AWS Systems Manager
User Guide

The AWS Documentation website is getting a new look!
Try it now and let us know what you think. Switch to the new look >>

You can return to the original look by selecting English in the language selector above.

Enforce Document Permission Check for Default CLI Scenario

When you configure Session Manager for your account, the system creates an SSM document named SSM-SessionManagerRunShell. This SSM document stores your requirements for whether session data is saved in an Amazon S3 bucket or Amazon CloudWatch Logs log group, whether session data is encrypted using AWS Key Management Service, and whether Run As support is enabled for your sessions. The following is an example.

{ "schemaVersion": "1.0", "description": "Document to hold regional settings for Session Manager", "sessionType": "Standard_Stream", "inputs": { "s3BucketName": "MyBucketName", "s3KeyPrefix": "MyBucketPrefix", "s3EncryptionEnabled": true, "cloudWatchLogGroupName": "MyLogGroupName", "cloudWatchEncryptionEnabled": true, "kmsKeyId": "MyKMSKeyID", "runAsEnabled": true, "runAsDefaultUser": "MyDefaultRunAsUser" } }

By default, if a user in your account has been granted permission in their IAM user policy to start sessions, that user has access to this SSM document. This means that when they use the AWS CLI to run the start-session command, and they do not specify a configuration document, the system uses SSM-SessionManagerRunShell and launches the full interactive shell. The session starts even if the user’s IAM policy doesn’t grant explicit permission to access the SSM-SessionManagerRunShell document.

For example, the following command doesn’t specify a Session Manager configuration document.

aws ssm start-session --target i-02573cafcfEXAMPLE

The following example does specify the default Session Manager configuration document.

aws ssm start-session --document-name SSM-SessionManagerRunShell --target i-02573cafcfEXAMPLE

For cases where the user doesn’t specify a document name in the start-session CLI command, you can ensure that the user has been granted explicit access to this default configuration document. You do this by adding the following condition element to the IAM policy that controls the user’s access to sessions:

"Condition": { "BoolIfExists": { "ssm:SessionDocumentAccessCheck": "true" } }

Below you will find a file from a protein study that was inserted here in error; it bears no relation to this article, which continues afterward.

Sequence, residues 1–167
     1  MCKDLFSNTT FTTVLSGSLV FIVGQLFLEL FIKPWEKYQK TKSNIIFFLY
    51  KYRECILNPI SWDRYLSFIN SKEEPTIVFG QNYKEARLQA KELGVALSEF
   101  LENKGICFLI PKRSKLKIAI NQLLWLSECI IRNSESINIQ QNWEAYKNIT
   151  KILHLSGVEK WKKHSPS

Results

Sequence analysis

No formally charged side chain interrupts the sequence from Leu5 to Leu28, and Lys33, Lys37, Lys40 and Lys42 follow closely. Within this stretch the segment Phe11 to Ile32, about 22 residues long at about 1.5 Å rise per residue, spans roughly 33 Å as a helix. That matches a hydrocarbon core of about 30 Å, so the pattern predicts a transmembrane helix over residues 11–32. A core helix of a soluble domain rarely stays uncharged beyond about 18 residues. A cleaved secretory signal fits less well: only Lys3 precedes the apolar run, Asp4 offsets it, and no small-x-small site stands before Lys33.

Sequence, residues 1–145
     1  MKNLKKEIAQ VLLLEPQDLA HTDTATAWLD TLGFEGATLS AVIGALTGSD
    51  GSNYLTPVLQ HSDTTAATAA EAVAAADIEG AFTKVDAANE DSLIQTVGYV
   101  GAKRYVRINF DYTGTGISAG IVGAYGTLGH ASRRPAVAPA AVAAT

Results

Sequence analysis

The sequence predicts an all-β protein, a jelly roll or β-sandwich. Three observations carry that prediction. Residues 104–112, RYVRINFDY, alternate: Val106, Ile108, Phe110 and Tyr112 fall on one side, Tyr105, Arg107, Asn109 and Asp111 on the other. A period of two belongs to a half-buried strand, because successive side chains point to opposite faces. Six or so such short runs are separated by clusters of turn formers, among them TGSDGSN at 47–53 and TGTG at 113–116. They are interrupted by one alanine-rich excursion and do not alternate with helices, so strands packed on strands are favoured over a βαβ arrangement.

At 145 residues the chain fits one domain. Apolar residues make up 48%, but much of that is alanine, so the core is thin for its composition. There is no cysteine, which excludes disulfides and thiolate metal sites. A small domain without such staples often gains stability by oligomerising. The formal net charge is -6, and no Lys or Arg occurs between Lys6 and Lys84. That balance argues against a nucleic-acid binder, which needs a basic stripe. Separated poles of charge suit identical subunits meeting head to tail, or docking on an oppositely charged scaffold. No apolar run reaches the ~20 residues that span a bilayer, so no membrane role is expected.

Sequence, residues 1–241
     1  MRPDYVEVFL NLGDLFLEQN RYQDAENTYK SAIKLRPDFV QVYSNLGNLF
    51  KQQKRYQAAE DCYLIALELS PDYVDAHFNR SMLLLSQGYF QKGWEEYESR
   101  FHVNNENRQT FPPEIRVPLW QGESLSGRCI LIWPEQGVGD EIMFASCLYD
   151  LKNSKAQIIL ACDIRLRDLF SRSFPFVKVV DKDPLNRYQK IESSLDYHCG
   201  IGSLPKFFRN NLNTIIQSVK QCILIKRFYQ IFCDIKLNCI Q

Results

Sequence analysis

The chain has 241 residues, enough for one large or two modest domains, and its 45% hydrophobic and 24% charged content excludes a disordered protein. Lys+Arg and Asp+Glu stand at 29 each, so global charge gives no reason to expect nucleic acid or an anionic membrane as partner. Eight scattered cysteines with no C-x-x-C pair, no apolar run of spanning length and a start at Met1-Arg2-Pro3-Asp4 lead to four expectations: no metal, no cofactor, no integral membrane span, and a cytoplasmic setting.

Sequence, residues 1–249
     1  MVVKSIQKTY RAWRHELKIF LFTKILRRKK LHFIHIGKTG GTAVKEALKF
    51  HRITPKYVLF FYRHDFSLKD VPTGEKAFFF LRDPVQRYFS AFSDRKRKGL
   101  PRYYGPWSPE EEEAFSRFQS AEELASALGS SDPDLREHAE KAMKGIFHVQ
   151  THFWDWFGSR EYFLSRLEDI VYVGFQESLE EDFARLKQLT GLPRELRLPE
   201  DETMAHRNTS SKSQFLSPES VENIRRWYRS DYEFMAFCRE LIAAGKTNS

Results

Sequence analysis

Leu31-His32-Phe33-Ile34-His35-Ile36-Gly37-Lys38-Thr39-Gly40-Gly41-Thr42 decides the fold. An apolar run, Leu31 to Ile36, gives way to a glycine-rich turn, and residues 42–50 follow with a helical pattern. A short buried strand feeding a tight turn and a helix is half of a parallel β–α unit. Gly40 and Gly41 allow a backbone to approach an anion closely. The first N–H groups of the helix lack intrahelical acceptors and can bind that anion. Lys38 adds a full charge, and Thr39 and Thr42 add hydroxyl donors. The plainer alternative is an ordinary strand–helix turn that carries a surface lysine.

With this condition element set to true in the user’s associated IAM policy, explicit access to SSM-SessionManagerRunShell must be granted in the IAM policy. The following is an example.

{ "Effect": "Allow", "Action": [ "ssm:StartSession" ], "Resource": "arn:aws:ssm:region:account-id:document/SSM-SessionManagerRunShell" }

This condition element applies only to the default SSM-SessionManagerRunShell configuration document, and only when a user doesn’t specify a configuration document name in an CLI start-session command. In other words, it ensures that the user has been granted access to SSM-SessionManagerRunShell when they run the following command:

aws ssm start-session --target i-02573cafcfEXAMPLE

For an example of specifying a Session Manager configuration document in a user’s IAM policy, see Quickstart End User Policy for Session Manager.

Other Scenarios

Using the default SSM-SessionManagerRunShell configuration document is the only case when a document name can be omitted from the start-session CLI command. In other cases, the document name must be specified, and the system checks whether the user has been granted explicit access to the configuration document they specify.

For example, if a user specifies the name of a custom configuration document you have created, the user’s IAM policy must grant them permission to access that document.

If a user runs a command to start a session using SSH, the user’s policy must grant them access to the AWS-StartSSHSession configuration document.


In order to start a session using SSH, configuration steps must be completed on both the target instance and the user's local machine. For information, see (Optional) Enable SSH Connections Through Session Manager.